My practice explores the interplay between function and form, with a sustained - and (hopefully) often humorous engagement with the modernist desire to integrate art and life on both the domestic level (design) and the larger, more public level (architecture).
The human body is never far from the sculptural environment even if it remains unseen. Sculpture is always a study in proxemics, human proxemics. Proxemics is a theoretical science that is essentially about the use of space, the way people interact with others in daily life as well as the ways they organise personal living spaces and public spaces. A gallery is one of these spaces and my works provide viewers with divergent opportunities to consider their physical selves in relation to the work and its positioning within the space of presentation.
With Malevich and constructivism in mind, idiosyncratic periscopes present as inoperative sections, each with its own colour, curious angle and distinctive character. Against the odds of their design each comprises an object that actually 'functions', albeit not always according to expectations.
Courtesy of Olsen Gallery
Currently living and working in Canberra, Melbourne-born artist Peter Vandermark obtained a Bachelor of Arts (Visual), Sculpture from Canberra Institute of the Arts in 1989 and was an artist in residence at ANU Haldenstein in Switzerland. Having previously lectured at the Canberra School of Art, Peter currently works at the National Gallery of Australia.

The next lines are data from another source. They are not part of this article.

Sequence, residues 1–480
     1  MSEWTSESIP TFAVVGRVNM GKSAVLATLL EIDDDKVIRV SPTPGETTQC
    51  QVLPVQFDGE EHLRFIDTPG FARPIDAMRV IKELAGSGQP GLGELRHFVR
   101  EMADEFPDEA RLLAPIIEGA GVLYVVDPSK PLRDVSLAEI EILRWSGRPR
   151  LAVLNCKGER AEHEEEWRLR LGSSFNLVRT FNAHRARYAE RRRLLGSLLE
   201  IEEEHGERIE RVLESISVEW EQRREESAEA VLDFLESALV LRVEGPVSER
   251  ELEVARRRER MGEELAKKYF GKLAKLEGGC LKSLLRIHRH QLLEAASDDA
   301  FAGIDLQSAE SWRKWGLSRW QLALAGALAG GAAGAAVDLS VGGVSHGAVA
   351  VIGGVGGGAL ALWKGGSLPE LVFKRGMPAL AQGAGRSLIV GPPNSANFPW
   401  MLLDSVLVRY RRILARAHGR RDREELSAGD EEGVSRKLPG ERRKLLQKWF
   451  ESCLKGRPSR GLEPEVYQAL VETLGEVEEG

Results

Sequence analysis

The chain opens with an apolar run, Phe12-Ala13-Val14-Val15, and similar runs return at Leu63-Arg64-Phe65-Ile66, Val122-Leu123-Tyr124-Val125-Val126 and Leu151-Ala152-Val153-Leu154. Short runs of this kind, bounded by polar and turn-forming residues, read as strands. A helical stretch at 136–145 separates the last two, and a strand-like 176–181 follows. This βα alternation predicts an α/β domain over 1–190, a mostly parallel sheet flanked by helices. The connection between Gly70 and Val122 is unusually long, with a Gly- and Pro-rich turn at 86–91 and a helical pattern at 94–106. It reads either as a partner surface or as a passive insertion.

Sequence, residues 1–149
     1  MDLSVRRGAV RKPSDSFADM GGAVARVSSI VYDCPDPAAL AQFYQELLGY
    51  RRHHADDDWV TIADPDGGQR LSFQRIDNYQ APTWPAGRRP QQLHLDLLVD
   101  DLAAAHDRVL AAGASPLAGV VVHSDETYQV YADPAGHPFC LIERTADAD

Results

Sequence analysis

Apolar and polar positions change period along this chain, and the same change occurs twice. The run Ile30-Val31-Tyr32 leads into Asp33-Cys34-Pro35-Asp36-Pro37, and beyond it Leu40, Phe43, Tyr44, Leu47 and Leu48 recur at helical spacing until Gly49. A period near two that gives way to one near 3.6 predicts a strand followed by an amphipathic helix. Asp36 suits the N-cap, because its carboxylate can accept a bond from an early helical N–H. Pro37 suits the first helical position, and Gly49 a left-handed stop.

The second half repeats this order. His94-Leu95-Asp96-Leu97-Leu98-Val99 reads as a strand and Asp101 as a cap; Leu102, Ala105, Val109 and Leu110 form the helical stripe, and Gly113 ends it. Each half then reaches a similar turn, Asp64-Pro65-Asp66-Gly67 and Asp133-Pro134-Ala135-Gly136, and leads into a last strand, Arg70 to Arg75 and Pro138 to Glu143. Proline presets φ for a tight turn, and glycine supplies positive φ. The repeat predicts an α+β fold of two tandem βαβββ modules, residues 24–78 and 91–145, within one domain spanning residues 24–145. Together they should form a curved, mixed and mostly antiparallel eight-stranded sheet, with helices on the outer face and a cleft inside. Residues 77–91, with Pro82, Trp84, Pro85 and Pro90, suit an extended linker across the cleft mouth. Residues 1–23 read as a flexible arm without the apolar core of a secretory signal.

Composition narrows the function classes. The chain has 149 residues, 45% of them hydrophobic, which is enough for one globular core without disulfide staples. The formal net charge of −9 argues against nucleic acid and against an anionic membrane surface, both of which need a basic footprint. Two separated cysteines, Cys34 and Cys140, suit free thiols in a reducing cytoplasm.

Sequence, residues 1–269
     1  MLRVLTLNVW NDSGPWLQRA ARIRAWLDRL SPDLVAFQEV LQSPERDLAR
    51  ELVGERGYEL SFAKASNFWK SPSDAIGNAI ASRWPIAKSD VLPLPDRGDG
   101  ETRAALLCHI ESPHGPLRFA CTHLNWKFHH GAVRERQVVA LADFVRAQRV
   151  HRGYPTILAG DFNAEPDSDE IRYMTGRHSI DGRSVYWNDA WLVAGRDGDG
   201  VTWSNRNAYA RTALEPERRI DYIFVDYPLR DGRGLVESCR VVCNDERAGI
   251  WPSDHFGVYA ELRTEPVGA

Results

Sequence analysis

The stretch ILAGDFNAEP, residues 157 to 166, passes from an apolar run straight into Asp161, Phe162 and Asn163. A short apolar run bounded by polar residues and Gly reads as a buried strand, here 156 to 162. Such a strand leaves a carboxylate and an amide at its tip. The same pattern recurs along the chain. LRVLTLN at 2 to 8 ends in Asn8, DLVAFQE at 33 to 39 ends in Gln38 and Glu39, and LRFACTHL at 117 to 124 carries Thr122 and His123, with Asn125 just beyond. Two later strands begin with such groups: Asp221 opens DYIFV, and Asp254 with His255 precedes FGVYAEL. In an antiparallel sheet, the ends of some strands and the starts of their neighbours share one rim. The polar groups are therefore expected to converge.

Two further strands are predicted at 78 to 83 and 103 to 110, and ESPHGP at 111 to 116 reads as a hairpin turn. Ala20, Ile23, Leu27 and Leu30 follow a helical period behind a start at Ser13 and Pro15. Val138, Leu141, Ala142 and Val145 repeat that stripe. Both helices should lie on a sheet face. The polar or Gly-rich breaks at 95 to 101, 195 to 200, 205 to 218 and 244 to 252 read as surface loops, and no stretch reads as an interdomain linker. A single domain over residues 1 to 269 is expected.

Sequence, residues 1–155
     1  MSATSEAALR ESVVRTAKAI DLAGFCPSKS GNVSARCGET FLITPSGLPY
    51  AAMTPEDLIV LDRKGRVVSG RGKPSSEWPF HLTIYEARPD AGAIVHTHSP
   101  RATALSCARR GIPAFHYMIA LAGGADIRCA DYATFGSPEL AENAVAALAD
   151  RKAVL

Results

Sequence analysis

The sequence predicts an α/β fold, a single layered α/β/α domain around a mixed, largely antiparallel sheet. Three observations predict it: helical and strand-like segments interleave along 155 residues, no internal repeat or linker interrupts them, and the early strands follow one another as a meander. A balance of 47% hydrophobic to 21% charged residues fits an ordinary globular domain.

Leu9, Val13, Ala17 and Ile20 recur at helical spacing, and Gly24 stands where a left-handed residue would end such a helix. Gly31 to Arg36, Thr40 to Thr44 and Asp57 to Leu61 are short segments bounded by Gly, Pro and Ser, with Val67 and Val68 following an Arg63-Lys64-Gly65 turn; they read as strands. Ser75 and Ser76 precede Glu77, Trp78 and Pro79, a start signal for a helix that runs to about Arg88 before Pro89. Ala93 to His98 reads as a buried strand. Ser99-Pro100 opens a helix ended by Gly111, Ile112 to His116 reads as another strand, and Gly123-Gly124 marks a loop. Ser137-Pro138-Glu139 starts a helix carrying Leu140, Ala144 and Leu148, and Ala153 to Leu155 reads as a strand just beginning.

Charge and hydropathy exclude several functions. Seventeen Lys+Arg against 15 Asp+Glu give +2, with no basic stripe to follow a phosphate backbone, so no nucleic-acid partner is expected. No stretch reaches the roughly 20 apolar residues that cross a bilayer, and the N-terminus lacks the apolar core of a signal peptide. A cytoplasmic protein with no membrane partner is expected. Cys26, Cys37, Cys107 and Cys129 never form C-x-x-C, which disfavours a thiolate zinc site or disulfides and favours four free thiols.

His solo exhibitions have included New Work at Olsen Irwin in Sydney, Riven Skin at Melbourne's ether ohnetitel inc, and Babble at Canberra's Helen Maxwell Gallery. Having received the Rosalie Gascoigne Award in 2005, Peter's works have also featured in countless group exhibitions and are held in private and public collections, including those of the National Gallery of Australia, Artbank, Canberra Museum & Gallery, the ACT Legislative Assembly and the Allied Group.
"It is one of Vandermark's strengths as a sculptor that he absorbs and explores the entirety of the designed three-dimensional world, rather than only having a dialogue with the past fine art sculpture." - Dr. Matthew Holt, Art Monthly Australia, 2008
timber, acrylic paint, acrylic mirrors
27 x 80 x 70 cm
Judges of the 2017 Woollahra Small Sculpture Prize: Djon Mundine OAM (Curator, Writer, Artist and Activist), Roslyn Oxley OAM (Gallerist and arts benefactor) and Alexie Glass-Kantor (Executive Director, Artspace, Sydney and Curator, Encounters, Art Basel | Hong Kong).
Download PDF (857 KB)